?

Log in

No account? Create an account
entries friends calendar profile Previous Previous Next Next
Nymphomaniac: Vol. I - Cinemaholic Movie Reviews
one person's obsessive addiction to film
cinema_holic
cinema_holic
Nymphomaniac: Vol. I
.
.
Directing: A-
Acting: B+
Writing: A-
Cinematography: A-
Editing: A-



My god, how much actual penetrative sex do we need to see in motion pictures these days? After Blue is the Warmest Color and Stranger by the Lake, does Nymphomaniac make it a fad? On the other hand, there's something to be said for movies that challenge the viewer. These three movies do exactly that; and it occurs to me that there's something egalitarian about them all being released within months of each other. One is about lesbians; another about gay men; this one is about an apparently straight woman. Between all these movies, they seem to have just about all the bases of sexuality covered.

There's something both deeper and more sinister about Nymphomaniac, however, something that taps into the basest levels of humanity, but presented in a pointedly nonjudgmental way. There's something seductive about this movie, but not in the way you might expect. There's enough sex to desensitize you to it, even as you watch an actual blow job on a train, or cunnilingus on a bright white bed spread. Lars von Trier, the visionary provocateur behind Melancholia and Dancer in the Dark, has somehow made a movie that is explicitly about sex and yet also transcends it.

Film has come a long way since Shortbus, although that is still easily the most notable American film of the past decade to feature real sex. There was a meta aspect to the use of sex in that movie, though; it was partly making its own points about the challenges of doing such a thing. In these recent movies, the sex is no less explicit, but it's incidental. I still can't decide what need there is for it, exactly, and it still seems relevant that all these recent films are foreign -- but they are still finding audiences in the U.S. that they never would have gained in the past, with no controversy. Nobody seems to care.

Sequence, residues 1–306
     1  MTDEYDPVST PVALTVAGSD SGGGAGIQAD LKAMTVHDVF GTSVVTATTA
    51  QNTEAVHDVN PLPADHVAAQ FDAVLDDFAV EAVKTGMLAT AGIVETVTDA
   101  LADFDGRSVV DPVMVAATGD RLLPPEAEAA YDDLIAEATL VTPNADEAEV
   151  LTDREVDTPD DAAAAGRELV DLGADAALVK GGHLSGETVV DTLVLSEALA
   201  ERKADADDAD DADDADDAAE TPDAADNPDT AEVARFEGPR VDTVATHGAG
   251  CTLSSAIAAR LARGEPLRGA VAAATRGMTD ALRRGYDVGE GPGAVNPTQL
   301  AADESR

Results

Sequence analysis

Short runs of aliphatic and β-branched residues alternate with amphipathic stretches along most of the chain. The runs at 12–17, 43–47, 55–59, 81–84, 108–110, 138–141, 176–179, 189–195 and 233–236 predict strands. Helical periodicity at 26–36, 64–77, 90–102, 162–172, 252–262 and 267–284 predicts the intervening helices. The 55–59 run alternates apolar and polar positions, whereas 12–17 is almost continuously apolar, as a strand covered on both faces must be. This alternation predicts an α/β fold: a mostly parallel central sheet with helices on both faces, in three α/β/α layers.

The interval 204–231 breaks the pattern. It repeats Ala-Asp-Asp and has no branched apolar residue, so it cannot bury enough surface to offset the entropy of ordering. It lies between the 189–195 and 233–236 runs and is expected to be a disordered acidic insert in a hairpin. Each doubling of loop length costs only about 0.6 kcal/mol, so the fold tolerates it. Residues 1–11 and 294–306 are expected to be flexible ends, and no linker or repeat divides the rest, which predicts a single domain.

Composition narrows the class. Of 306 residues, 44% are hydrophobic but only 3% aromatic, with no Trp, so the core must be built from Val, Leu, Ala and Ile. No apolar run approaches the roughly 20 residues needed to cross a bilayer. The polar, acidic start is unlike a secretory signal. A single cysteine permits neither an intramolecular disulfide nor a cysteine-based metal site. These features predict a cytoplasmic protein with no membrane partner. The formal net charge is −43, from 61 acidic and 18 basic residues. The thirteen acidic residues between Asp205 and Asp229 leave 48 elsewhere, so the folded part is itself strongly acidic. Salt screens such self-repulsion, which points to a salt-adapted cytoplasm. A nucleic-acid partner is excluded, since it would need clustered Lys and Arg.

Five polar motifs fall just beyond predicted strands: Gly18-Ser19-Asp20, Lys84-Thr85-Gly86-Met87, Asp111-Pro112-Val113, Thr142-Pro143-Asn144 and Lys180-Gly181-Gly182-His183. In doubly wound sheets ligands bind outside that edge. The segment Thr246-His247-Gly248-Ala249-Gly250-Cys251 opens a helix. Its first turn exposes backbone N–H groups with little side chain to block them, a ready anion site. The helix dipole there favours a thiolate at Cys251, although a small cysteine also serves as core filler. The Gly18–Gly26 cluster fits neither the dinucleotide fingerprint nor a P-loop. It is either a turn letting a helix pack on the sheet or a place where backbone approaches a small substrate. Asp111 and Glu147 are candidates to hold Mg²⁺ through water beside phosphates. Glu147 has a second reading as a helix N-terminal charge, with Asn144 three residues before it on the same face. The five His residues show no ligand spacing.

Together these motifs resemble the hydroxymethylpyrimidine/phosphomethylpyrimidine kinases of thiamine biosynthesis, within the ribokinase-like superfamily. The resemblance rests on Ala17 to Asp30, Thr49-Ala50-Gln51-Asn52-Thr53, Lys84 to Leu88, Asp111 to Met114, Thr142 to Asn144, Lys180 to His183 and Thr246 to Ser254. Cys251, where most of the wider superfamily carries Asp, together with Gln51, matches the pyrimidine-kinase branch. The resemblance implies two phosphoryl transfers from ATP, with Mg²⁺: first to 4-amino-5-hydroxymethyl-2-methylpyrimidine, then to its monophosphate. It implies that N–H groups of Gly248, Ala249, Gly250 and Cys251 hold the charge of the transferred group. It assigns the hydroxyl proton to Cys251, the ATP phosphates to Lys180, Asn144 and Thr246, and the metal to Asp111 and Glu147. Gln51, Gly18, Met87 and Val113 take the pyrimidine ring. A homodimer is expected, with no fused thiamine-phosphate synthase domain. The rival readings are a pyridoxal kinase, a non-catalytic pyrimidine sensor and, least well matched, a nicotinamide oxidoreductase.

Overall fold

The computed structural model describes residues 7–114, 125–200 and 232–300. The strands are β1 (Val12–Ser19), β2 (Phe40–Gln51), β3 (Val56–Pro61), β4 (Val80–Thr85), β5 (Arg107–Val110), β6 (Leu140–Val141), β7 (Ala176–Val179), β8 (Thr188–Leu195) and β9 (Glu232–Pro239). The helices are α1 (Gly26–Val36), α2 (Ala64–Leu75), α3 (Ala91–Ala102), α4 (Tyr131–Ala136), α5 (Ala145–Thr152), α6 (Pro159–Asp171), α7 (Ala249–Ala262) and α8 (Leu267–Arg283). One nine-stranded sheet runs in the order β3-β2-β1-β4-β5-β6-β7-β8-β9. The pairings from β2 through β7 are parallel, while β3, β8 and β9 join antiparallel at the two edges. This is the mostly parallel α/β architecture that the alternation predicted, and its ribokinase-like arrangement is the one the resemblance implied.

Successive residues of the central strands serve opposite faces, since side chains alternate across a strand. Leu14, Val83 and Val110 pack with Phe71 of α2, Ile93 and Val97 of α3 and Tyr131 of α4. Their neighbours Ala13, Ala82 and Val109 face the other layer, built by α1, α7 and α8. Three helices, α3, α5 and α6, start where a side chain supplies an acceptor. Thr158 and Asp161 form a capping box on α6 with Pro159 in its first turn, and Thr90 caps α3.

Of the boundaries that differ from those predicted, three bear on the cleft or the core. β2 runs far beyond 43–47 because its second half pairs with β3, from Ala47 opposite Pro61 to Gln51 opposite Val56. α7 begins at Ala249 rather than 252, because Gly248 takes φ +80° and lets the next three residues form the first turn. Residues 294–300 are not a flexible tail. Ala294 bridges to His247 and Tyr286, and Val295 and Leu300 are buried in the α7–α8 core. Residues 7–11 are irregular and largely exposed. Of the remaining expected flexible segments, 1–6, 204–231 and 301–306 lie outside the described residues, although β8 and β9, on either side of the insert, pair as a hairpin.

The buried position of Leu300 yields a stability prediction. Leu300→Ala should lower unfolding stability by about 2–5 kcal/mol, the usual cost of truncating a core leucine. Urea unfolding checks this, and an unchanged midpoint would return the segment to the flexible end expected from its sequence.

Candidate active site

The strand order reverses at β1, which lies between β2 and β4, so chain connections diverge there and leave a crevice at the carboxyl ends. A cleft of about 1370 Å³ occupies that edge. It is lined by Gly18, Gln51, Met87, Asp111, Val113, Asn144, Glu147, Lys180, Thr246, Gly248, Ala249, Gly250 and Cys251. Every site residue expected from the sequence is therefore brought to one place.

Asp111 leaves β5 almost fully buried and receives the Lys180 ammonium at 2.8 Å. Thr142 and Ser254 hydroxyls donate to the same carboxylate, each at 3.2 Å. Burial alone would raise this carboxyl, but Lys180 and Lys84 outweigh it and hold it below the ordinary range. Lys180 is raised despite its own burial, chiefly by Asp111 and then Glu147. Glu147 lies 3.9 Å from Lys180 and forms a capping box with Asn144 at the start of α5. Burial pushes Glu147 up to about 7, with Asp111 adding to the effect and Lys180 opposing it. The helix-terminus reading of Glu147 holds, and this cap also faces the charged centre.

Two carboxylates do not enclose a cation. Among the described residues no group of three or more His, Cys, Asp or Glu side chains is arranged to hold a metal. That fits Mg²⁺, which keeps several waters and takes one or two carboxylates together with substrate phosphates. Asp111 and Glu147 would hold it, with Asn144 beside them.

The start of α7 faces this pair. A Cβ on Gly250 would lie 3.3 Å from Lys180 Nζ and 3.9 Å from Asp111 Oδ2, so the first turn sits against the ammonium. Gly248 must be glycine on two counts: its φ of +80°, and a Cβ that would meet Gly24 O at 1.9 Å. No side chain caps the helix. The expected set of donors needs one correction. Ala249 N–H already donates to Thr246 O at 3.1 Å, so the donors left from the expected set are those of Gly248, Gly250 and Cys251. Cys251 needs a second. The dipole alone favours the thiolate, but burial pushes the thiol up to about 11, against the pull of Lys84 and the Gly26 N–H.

This isn't necessarily a bad thing. Some of us are just products of a repressed puritanical society. Nymphomaniac certainly isn’t going to be for everyone. Broad-minded individuals with a taste for singular cinematic visions, however, should definitely give it a look.

Much of it is mystifying, I'll freely admit. But this is "Vol. I," after all; we'll just have to trust that "Vol. 2," coming next month, will fill in some of the holes. Of course, some holes don't need filling. Our enti-heroine, Joe, played as a teenager by Stacy Martin and as an adult by Charlotte Gainsbourg (they are largely indistinguishable), apparently has no hole she won't readily fill. We are given little background for this character aside from a detached relationship with her mother (Connie Nielsen); a love for her trees-obsessed father Christian Slater); and the discovery of her own vagina at age four. By the time she and her best friend B (Sophie Kennedy Clark) are teenagers, they are competing for the largest number of sexual conquests on a train. The winner gets a bag of chocolates.